The Power of Conscious Advertising And Why It’s the Future
By Tony Chen, CEO and founder, Channel Factory
The seismic shifts the world has grappled with in the past year: a global pandemic, social unrest, misinformation and increasingly louder calls for equality, have changed nearly every aspect of how we do business. It’s also had a significant impact on consumer priorities, with consumer sentiment changing drastically. We have all begun to look at commerce through a more socially and culturally informed lens. People want to be involved with socially relevant and conscious causes, and they want the brands they support and products they buy to reflect that.
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These socially conscious sentiments have been bubbling under the surface of society for years, but no more. Consumers are no longer tip-toeing around the need for advertising to be held more accountable – to be ethical, conscious, and conscientious. It’s no longer a nice-to-have for brands to carry a deeply embedded purpose, it’s table stakes. Consumers have made it clear that they want to be surrounded by content that speaks to them while being relevant and engaging. Brands must now carry a finely woven thread of social conscience throughout every part of their business: the idea of being socially conscious through their advertising – conscious advertising – is key for brands today and tomorrow.
Why conscious advertising matters
Brands have always been cautious with issues that arise. Fear of saying the wrong thing, coming off as inauthentic or performative, or potentially alienating a portion of their audience are often cited as reasons why brands are hesitant to speak on certain topics. However, recent data is showing that consumers actually prefer brands that take a stand on important social issues. In fact, in a study we recently conducted, 69% of U.S. consumers would prefer to buy from brands committed to socially conscious causes such as donating to charities, taking a stand on climate change, or ensuring their corporate culture supports inclusivity and diversity.
When brands are committed to making online environments more diverse and inclusive, 60% of consumers surveyed in that same study said they would favor that brand over another that is not as active in social causes.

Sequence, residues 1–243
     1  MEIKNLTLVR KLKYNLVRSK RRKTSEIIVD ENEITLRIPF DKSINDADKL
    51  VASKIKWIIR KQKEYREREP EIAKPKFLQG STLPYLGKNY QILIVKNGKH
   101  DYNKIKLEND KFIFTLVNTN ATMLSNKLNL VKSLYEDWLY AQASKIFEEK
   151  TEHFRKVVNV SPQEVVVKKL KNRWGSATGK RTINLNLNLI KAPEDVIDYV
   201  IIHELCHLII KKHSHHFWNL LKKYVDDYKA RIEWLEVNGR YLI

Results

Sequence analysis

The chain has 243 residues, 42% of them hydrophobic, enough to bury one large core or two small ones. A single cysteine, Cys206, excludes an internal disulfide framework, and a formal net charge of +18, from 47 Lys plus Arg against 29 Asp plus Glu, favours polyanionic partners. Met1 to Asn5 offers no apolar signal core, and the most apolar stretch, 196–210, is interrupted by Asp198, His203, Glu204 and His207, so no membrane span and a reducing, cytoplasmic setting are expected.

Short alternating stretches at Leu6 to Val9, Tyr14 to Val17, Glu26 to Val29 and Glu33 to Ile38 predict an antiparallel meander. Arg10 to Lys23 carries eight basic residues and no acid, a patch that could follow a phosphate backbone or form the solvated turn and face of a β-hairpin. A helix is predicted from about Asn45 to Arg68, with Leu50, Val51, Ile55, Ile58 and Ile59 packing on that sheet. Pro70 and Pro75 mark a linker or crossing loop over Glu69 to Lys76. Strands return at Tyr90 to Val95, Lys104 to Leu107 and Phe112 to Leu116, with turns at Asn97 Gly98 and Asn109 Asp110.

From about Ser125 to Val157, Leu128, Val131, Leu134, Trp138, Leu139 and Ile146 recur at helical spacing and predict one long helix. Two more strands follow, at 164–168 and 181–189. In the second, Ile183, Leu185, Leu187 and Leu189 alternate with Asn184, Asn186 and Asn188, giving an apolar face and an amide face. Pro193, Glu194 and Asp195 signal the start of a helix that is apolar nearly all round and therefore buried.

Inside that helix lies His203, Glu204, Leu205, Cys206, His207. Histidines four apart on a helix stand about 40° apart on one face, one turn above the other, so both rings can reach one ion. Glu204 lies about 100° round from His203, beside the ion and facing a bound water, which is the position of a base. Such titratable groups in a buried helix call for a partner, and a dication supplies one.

Conscious advertising matters. Consumers notice when a brand has remained silent on an important social issue or when their ad appears alongside a video that does not align with their values. A consumer’s first reaction to those scenarios stays with them through their purchasing process, and greatly impacts a consumer’s decision.
How to be a socially conscious brand
By now, most people know why brands should be conscious in their advertising, but how a brand goes about this remains a bit unclear. The question looms large among brands looking to take a conscious approach to their next campaign. Being conscious while also being authentic to your brand and your message is a balancing act many struggle to perfect.
There are brands that are getting it right. Take, for example, Ben and Jerry’s who have an entire section on their website dedicated to issues they care about including LGBTQ+ equality, social justice and climate change. Ben and Jerry’s has not only supported these causes, but has been outspoken in their support. They are not shying away from being strong in their beliefs, speaking up, and incorporating these ideals into their advertising strategies.
With the example of Ben and Jerry’s, their outspokenness does not feel inauthentic to their brand because Ben and Jerry’s has a long history of speaking against social injustices and relevant current events. But what if your brand is just starting to enter this conscious space?
Advertisers must ensure that their campaigns have careful purpose, different perspectives from people of all backgrounds and a diverse range of minority creators. There is a common misconception that diversity in advertisement is limited to skin color; it also implies to LGBTQ, people with disabilities, religions and more. Diversity does not stop with the ads themselves; it includes those making the decisions as well.
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Another important thing to remember is to remain authentic to your brand. When your message feels disingenuous, it is unlikely anyone is going to believe it. So speak from what you know and lean into how you can activate the very core of your business for social good. For example, in times of disaster or crisis, InBev Anheuser Busch stops beer production to bottle and distribute water to parts of the world who need it.
Brands can also be socially conscious by letting their actions speak louder than their words. Don’t just say something needs to change; be a part of that change. Have a strong call to action and encourage your consumers to take part in it. That way, not only are you enacting change, but you are creating a consumer engagement that will not be soon forgotten.
A conscious future
Conscious advertising is an important strategy for future-proofing a brand. Consumer sentiment changed dramatically over the last year as priorities for consumers have shifted to being conscious and focused on making a difference. It is difficult to imagine consumers will give brands a free pass moving forward. Consumers want to support brands that have values that are similar to their own, and to know that these brands are willing to put their heads on the line to stand up for these beliefs.
Brands and advertisers will continue to be held accountable by consumers and will be expected to have firm beliefs while making decisive statements when it makes sense. It is not crazy to think that in the future, one of the most important ways in which consumers will decide which brands to buy from is if those brands are outspoken on issues that matter.